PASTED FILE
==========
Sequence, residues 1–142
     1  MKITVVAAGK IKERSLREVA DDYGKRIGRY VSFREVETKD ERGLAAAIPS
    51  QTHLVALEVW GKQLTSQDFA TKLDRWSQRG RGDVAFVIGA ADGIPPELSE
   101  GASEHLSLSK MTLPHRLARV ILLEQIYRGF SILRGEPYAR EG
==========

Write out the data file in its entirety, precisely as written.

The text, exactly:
Sequence, residues 1–142
     1  MKITVVAAGK IKERSLREVA DDYGKRIGRY VSFREVETKD ERGLAAAIPS
    51  QTHLVALEVW GKQLTSQDFA TKLDRWSQRG RGDVAFVIGA ADGIPPELSE
   101  GASEHLSLSK MTLPHRLARV ILLEQIYRGF SILRGEPYAR EG